Dear Journalists of Canada: Start Reporting Climate Change as an Emergency

A five-point plan for mainstream media to cover fewer royal babies and more of our unfolding catastrophe.

Gustafson-Fire.jpg
Few media stories mentioned the demonstrable connection between the climate crisis and increasing wildfire activity in BC last summer, even though it was one of the major reasons why that season was the worst on record. Photo via the BC Wildfire Service.

On May 6, the United Nations released a scientific report warning that around a million species are threatened with extinction due to human activity, including climate change. But, according to an analysis by Media Matters for America, on the day of that release, the nightly newscasts of ABC and NBC felt it was more important that their audiences learned about the birth of the newest royal baby — someone who will likely never have any say over their day-to-day lives. And I’ve found most of Canada’s 15 most-read English language daily broadsheets felt the same way.

Between May 6 and 7, 13 of those newspapers failed to front stories about the United Nations’ devastating finding. Instead, the National Post ran a story about the Duke and Duchess of Sussex’s son, with 10 others teasing that birth on their front pages. Eight of the teasers were placed above-the-fold, next to a photograph, or both — drawing reader attention to pictures of Harry, Meghan and their beaming well-wishers.

By comparison, six of the 13 newspapers ran front page teasers about the extinction report. Just one of those teasers was placed above the fold and none were accompanied by photographs. Only the Globe and Mail and the Toronto Star did more than that, fronting stories about that report. It turns out that most of the country’s other major broadsheets concluded that proof of a dying planet was less newsworthy than puffery about a newborn baby.

In reaching that conclusion, they provided yet another example of the mainstream Canadian news media’s repeated failure to apply basic journalism principles to the climate change crisis confronting us. The consequences of that failure could be catastrophic for our world, as well as our country, which is the fourth largest global producer of oil and one of the planet’s largest greenhouse gas emitters. And that’s why I’m calling on you, as a leader of an association representing Canadian journalists or news organizations, to support a five-point plan for covering that disaster and encourage your members to do the same.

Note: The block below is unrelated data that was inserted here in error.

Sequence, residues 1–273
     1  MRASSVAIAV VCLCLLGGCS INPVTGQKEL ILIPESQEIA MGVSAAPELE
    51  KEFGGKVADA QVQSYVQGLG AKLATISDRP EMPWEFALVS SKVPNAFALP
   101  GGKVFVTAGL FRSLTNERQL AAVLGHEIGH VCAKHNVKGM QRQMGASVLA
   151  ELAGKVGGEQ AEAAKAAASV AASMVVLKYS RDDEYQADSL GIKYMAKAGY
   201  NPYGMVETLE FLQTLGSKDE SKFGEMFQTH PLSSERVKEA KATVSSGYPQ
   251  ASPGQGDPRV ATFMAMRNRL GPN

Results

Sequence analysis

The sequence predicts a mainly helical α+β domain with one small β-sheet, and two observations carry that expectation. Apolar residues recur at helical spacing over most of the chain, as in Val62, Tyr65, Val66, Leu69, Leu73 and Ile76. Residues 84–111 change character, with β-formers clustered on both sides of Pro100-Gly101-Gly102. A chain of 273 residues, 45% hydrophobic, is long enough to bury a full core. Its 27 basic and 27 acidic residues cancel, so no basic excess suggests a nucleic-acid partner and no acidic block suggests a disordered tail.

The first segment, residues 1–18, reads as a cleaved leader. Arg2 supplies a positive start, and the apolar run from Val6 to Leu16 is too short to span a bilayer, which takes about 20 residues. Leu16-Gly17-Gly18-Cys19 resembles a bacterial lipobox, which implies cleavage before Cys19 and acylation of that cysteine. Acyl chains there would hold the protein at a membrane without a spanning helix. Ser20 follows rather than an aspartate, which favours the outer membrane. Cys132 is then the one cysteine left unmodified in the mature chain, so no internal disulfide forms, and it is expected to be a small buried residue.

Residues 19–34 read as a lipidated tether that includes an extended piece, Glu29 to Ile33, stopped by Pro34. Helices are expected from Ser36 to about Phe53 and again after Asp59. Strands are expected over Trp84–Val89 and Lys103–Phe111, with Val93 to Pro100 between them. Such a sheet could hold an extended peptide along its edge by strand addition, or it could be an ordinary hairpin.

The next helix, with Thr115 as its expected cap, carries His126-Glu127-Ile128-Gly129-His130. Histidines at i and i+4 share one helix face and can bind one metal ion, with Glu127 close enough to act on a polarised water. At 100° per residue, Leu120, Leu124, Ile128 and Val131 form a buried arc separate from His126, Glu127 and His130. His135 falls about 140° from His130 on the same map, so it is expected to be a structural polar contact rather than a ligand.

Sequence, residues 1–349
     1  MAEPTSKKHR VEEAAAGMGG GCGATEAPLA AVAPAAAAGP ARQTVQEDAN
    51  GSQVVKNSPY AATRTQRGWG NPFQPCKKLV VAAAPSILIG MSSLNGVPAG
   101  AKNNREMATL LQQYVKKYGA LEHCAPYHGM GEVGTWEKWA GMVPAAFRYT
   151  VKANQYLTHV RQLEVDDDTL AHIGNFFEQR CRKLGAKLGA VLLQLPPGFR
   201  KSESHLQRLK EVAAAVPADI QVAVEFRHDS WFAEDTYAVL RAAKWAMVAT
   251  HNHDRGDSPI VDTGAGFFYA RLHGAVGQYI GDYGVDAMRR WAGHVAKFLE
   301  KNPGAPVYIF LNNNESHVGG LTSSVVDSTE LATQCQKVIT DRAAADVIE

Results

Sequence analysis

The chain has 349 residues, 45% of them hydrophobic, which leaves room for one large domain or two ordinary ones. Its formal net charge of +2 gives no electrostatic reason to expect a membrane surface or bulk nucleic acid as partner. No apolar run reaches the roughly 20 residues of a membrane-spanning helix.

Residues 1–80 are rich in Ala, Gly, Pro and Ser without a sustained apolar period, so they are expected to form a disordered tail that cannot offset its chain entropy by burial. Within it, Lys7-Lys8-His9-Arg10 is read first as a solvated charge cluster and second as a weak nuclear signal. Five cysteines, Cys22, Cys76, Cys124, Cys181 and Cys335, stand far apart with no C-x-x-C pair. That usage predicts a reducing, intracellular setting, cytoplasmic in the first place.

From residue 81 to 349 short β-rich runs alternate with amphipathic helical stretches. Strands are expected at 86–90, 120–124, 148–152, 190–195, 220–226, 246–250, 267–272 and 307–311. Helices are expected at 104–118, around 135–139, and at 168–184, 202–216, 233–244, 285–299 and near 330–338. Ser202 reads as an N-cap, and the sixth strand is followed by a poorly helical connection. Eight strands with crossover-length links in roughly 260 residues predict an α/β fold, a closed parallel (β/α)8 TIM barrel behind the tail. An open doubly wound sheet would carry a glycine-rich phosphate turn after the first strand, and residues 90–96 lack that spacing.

In doing so, I want to be clear that I am not recommending journalists become activists. That isn’t our role, except when promoting and defending the rights and freedoms necessary for a functioning free press. However, we are responsible for ensuring Canadians have the information needed to make the rational and empathetic decisions that are supposed to underpin our political and economic systems, whether that’s at the ballot box or the checkout line. And we are further responsible for exposing public and private institutions when they are harming Canadians with their actions or inactions.

By that standard, the climate crisis should be the biggest story of our time. Due to government and corporate actions and inactions, we can expect a multitude of tribulations to be visited upon us. For example, by 2050, decreases in food availability caused by global warming could cause 529,000 additional deaths in that year alone. That warming could also cause as many as one billion people to flee their homes. And, in the United States, the cost of climate change could be US$35 billion per year.

However, in searching Canadian Newsstream — a database of 569 different English language Canadian news sources that includes a majority of the country’s newspapers, as well as CBC and CTV’s televised national evening newscasts — I have found our mainstream media too often does not reflect the scope and severity of that crisis in five important ways. In addition to failing to prominently place news about this story it has: MORE

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